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  • Regiments

    Posted by Lexington Green on January 19th, 2004 (All posts by )

    This site, Regiments.org, has a mind-boggling amount amount of information about the land armies of the British Empire and Commonwealth, and much ancillary information. I have been picking around on it, becoming increasingly impressed by it, and decided to share it with y’all.

    UPDATE: This site, Britain’s Small Wars is an excellent source on these little-known actions. I suspect there is much to learn from the way the British handled these difficult situations.

     

    11 Responses to “Regiments”

    1. George Lee Says:

      Lex–That site so overwhelms the reader with minutiae that he may well miss how small and poorly equipped Britain’s army is–and the other Commonwealth nations are in worse shape.

      Britain’s army now is as large as in Napoleonic times. Its population then was about 8 million, now about 60 million. In 1808 most troops were in one or the other of the combat arms. Today’s rear echelon units (like the Signal Corps.) did not exist, and there were no women at all in the army.

      British “kit” (equipment) is more often than not the butt of jokes, even among Italian soldiers.

      Australia’s entire armed forces–land, sea, and air–total 51,000.

      Out of mercy, I’ll pass over the military capabilities of Canada and New Zealand. Let those who research them be prepared to be astonished.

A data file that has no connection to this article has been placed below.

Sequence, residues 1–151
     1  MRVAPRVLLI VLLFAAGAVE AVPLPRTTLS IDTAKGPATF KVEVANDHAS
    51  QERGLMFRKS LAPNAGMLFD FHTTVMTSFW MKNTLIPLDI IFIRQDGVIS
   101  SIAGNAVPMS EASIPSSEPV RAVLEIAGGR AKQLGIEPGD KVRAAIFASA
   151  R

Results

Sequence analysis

Now, the usual response to the hard data is to invoke “professionalism.” One is never sure how far that response is grounded in a desperate snootyism. Think of Blanche du Bois trying to persuade Stanley of her potential contribution.

      Anyway, in international readiness competitions, Brits, Aussies, etc. do no better nor worse than the implicitly less professional Americans. They all have their good days and bad days.

      It is dismaying, from an American perspective, that the prospect for larger, better equipped forces among the other English speaking nations is close to hopeless. They may actually shrink and deteriorate further.

    2. Sylvain Galineau Says:

      George, that only makes the performance of British soldiers all the more impressive these days.

      And I wouldn’t be so sure as to generalize. The Parachute Regiments, the Royal Marines, SAS, SBS…They might not have all the gizmos, toys and creature comfort of their U.S. counterparts but it’s not even clear they need them.

    3. George Lee Says:

      Sylvain–There is a sense in which you are quite correct. Given the quality of the boots, radios, rifles, etc. of the British army, one can breathe a sigh of relief that they have turned in a competent performance in Iraq. There are demands now in Britian for Defense minister Hoon to step down because, reportedly, some British units were supplied with only 2 rounds per man, body armor was so short people had to rotate its use, etc.

      These calls are unfair to Hoon, by my lights. Brits have been woefully equipped and supplied long before the time of Hoon. I think he and the troops have done as much as possible with what they had to work with. I am grateful to them all.